“And when he leaned in, it caught the upper part above his ankle. And then it severed his leg,” Seibert testified by deposition. “As soon as it grabbed him, I jumped off and ran over here to see if maybe I could come and grab him or do whatever I could do. He held onto the bar, and the blades kept spinning after they severed his leg. And every time the blades would turn, it would take a bite out of him…. every time the teeth would come around, it would take a bite and throw him off. Take a bite and throw him off. Take a bite and throw him off. It did that four or five times until it finally got up to his belt.”
Chrysta Castañeda told jurors that from his vantage point Garza wouldn’t have been able to see if the blade was still rotating.
“Garza’s right leg was amputated immediately, and the bull hog chewed up his spine and back, exposing his kidney, ribs and scapula,” the family alleges in a fourth amended petition. “His jaw was broken.”
Castañeda said it would not be disputed in this case that had the bull hog been outfitted with a break, Garza would still be alive.
“If there’s a brake, we’re not here,” she said. “No brake, Rick Garza is flayed alive.”
The Texas A&M graduate and Navy officer who worked on nuclear submarines and later found success as a petroleum engineer and expert witness was flown to Memorial Hermann Hospital in Houston.
He died six hours later.
“Too much blood loss,” Castañeda said. “Not enough skin to hold the blood in his body.”
John E. Tyrrell of Ricci Tyrrell Johnson, who represents Bobcat, explained to the jury that the parent corporation doesn’t bar its dealerships from selling equipment made by other companies, like Fecon. The dealerships make their own business decisions when it comes to that based on customer needs, he said.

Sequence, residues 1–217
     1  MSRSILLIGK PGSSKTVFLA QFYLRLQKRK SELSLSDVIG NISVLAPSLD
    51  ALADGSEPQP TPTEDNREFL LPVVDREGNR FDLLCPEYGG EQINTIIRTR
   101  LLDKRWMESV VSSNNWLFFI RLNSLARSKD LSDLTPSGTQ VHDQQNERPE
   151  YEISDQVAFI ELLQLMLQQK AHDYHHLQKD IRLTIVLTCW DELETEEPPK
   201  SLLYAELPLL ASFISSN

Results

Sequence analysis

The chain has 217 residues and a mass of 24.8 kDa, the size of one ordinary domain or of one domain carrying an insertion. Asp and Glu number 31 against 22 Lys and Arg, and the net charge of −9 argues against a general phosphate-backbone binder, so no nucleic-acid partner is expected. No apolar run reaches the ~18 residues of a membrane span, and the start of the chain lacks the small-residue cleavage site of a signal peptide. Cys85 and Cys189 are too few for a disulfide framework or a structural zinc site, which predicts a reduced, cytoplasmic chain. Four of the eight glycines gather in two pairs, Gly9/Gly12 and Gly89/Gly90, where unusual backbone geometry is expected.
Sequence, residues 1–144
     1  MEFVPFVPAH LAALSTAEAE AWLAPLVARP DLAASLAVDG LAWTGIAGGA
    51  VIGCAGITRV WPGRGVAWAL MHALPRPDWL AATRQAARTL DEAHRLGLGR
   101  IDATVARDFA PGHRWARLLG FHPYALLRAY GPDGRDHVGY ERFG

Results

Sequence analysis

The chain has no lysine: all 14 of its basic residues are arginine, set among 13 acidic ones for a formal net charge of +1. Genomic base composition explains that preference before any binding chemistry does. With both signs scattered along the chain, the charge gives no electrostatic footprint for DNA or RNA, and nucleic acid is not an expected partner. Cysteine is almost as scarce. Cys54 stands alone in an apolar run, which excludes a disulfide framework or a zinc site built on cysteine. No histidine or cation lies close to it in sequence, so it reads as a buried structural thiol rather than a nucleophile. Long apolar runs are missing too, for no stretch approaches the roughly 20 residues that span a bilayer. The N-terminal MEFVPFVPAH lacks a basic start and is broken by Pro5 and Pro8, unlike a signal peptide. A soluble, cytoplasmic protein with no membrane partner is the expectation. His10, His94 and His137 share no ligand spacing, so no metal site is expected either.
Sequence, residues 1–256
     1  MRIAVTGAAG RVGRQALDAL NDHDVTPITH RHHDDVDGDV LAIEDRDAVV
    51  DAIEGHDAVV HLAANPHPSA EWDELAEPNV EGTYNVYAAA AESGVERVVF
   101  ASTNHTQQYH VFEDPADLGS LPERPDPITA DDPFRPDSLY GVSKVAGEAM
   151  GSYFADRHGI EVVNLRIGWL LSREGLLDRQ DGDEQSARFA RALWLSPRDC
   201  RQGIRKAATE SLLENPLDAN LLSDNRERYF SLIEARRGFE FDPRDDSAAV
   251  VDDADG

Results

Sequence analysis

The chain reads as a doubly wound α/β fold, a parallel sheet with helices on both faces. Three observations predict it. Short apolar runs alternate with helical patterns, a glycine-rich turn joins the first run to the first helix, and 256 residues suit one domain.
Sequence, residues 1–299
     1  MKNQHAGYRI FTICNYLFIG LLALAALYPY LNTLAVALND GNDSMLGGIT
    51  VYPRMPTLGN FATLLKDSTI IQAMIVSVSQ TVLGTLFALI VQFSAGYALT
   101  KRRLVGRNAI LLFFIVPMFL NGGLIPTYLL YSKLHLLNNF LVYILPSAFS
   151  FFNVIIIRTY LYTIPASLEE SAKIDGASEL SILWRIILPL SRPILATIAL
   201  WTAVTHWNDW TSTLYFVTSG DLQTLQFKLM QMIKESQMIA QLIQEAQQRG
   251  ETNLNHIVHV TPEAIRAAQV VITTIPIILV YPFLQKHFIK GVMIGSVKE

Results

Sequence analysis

But the company makes clear that only Bobcat-branded attachments are “approved” to be used with Bobcat skid-steers. All others are “unapproved.” The company doesn’t allow dealerships to sell unapproved attachments with Bobcat equipment, but selling them separately is permitted, Tyrrell said.
In this case, Bobcat of Houston sold the Bobcat-branded skid-steer to Seibert’s employer, JaDM Inc., in 2013, and it sold the company the Fecon-branded bull hog four years later, Tyrrell said.
“Plaintiff’s case against Bobcat is that Bobcat should have controlled the sale,” he said, noting the timeline. “Does that make sense?”
“Mr. Garza got too close to the rotor,” he said. “It’s tragic… but it’s not a complicated accident.”
The family is bringing claims for negligence, gross negligence, products liability and wrongful death.
Harris County District Judge Cory Don Sepolio is presiding over the trial that’s expected to last three weeks.
According to court records, the Garza family has already filed and settled another lawsuit stemming from the incident against the land-clearing company that owned the equipment, JaDM Inc., and its employee and the operator of the skid-steer on the day of the incident, Seibert.
The Garza family is represented by Chrysta Castañeda and Nichole Michael of The Castañeda Firm.
Bobcat of Houston is also represented by Christopher K. Rusek and Meredith B. Gerber of Rodriguez Law Firm, Scott G. Edwards and Clayton J. Callen of Hartline Barger and Christopher D. Kratovil of Dykema Gossett.
Bobcat is also represented by and Clyde O. “Chip” Adams IV of Gordon Rees Scully Mansukhani.
The case number is 2019-69076.